What is an Enduring Power of Attorney?
If you become incapacitated through disability, illness or progressive degenerative disease, your assets become frozen.
While in good health, you should create an Enduring Power of Attorney (EPA) to avoid this situation.
This legal document only takes effect if you become incapable of managing your affairs.
The person creating the EPA (you) is called 'the Donor'.
The document sets out the extent of the decision-making you are prepared to give to a chosen person – your Attorney.
In the event of your incapacity, you can give full or limited power to manage all or some of your property and affairs (including personal welfare).
You are not prevented, in the meantime, from continuing to manage your money and assets.
The EPA only comes into effect if you cannot make decisions.
An EPA can be very specific, e.g., giving the Attorney a particular task to carry out, e.g., property sale or bank accounts management.
An EPA can also be very general and give the Attorney power to do everything you can do yourself, with your money and property.
The EPA can also enable your Attorney to make "personal care" decisions, e.g. where you live, whom you should see and not see, diet and dress and so on.
Who can be appointed as AN Attorney?
You can appoint anyone you wish to act as your Attorney, e.g. spouse, family member or friend.
You can also appoint more than one person.
The choice of Attorney is a personal matter – but a good deal of thought needs to be given to the nomination.
You need to ask yourself, is this person suitable for the job? Are they trustworthy and have the skills to manage my affairs and make decisions for me?
There is a statutory mechanism to oblige your Attorney to be answerable to the Courts and the Decision Support Service when carrying out their duties under the EPA.
What is the procedure for creating an EPA?
The procedure for the creation of an EPA can be complex.
You will have to consult us and satisfy your Doctor and a Healthcare Professional that you have the capacity to create the EPA.
The process also requires us to notify two people that you have made the EPA.
What happens if I change my mind?
You can revoke, cancel or amend the EPA at any time before it is registered.
If you change your mind about having an EPA or about your choice of Attorney, you should consult us immediately.
We will advise on the process of revocation of the EPA.
Registration of the EPA
The Attorney must apply to the Wards of Court (in time, the Director of the Decision Support Service) for registration of the EPA if you become mentally incapacitated.
The Attorney will be required to produce evidence of your incapacity.
Notice of the application to register the EPA must also be served on you and the same two persons notified of the creation of the EPA.
Once the EPA is registered, the Attorney can lawfully act on your behalf.
An Enduring Power of Attorney is as important as your Will.
So, where do you go from here - estate and succession planning?
Estate planning is planning the transfer of assets to the next generation.
While making a Will is undoubtedly the first step in planning, other issues are relevant.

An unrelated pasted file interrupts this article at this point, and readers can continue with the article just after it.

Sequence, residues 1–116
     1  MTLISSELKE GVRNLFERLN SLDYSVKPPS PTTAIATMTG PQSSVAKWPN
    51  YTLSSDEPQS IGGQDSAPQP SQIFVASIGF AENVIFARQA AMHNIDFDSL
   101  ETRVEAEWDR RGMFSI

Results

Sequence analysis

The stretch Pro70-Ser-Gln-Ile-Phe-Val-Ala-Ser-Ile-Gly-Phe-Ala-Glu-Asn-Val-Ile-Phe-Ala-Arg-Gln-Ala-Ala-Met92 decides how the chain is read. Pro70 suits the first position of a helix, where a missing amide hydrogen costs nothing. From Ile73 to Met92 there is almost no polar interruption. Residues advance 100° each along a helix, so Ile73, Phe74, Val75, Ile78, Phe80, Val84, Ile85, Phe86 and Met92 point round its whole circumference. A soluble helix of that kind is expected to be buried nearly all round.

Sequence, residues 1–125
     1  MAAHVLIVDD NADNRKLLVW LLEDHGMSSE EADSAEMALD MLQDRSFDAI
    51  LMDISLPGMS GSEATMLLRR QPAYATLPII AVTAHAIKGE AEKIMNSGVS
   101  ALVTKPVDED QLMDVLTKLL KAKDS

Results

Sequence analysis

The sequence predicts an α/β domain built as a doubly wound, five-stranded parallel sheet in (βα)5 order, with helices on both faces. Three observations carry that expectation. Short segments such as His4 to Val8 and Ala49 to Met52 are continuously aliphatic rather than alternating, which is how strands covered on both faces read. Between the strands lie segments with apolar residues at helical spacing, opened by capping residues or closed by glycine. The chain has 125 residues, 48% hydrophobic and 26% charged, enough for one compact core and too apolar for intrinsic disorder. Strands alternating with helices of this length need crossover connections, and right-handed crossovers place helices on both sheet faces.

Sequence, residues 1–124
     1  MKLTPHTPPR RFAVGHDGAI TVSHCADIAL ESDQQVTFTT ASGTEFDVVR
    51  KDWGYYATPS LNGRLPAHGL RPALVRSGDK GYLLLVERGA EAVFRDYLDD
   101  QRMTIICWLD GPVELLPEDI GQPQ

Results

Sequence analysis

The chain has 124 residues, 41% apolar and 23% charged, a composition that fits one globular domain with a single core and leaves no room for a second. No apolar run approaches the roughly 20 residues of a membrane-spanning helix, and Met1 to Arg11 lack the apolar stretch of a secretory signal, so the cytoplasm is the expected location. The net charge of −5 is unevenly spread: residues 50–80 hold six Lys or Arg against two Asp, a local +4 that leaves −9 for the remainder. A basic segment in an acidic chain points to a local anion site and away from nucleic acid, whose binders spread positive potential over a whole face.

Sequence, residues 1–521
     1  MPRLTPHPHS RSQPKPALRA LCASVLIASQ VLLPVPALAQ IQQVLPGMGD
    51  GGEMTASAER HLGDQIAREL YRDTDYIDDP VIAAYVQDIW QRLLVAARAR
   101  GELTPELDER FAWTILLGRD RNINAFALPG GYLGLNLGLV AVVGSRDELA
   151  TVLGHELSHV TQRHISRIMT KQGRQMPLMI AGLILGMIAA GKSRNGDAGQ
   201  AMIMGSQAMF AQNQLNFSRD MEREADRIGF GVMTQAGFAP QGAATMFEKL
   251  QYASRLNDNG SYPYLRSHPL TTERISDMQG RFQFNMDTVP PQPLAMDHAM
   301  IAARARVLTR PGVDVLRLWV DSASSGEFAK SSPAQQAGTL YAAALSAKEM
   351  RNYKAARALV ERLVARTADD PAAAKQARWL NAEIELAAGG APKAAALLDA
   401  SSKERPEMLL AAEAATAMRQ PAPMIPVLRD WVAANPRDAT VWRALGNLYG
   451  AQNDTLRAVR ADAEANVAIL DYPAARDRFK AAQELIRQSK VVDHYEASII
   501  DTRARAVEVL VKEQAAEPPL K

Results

It might be appropriate to make gifts to the next generation during your lifetime in certain circumstances.
For instance, you may wish to transfer your business or farm to one of your children working in the business or on the farm. You may want to give your children a benefit now as they start in their adult lives to help get them set up.
Other decision-making mechanisms
In 2015 the Oireachtas passed an Act into law that changed how we look at the issue of capacity. It will abolish the Wards of the Court system, set up a Decision Support Service as a replacement, and introduce new assisted decision-making mechanisms.
Assisted decision-making (Capacity) Act 2015 - What is it?
This Act provides for the individual's right of autonomy and self-determination to be respected through an Enduring Power of
Attorney and an Advance Healthcare Directive.
Both of these are made when a person can make decisions.
They come into effect when a person may lack decision-making capacity.
It provides for legally recognised decision-makers to support a person in maximising their decision making powers.
It places a legal requirement on service providers to comprehensively enable a person to decide on providing a range of supports and information appropriate to their condition.
It abolishes the Wards of the Court system. It provides for a review of all existing Wards to either discharge them entirely or to transition those who still need assistance into the new structure.
It establishes a Decision Support Service with clearly defined functions. The Director of the Decision Support Service will have the power to investigate complaints about any action by a decision-maker in connection to their roles as such decision-maker.
It applies to everyone and all health and social care settings
In addition to an Enduring Power of Attorney, other mechanisms will be available to you to help you if you lose the capacity to manage your affairs.
These will complement an Enduring Power of Attorney and Advance Health Care Directive when available.
Other decision-making mechanisms
If you don't have an EPA, you will have no one to make decisions for you of your choice if you lose the ability to do so. If you are doing an EPA, you should also take the opportunity to review your Will. When doing both, we advise that you look at all future planning needs for you and your family. It would help if you considered an Advance Healthcare Directive to deal with your health care decisions as a further step.
For further information or if you wish to discuss any other legal area please contact email@example.com or telephone 052-6124344.
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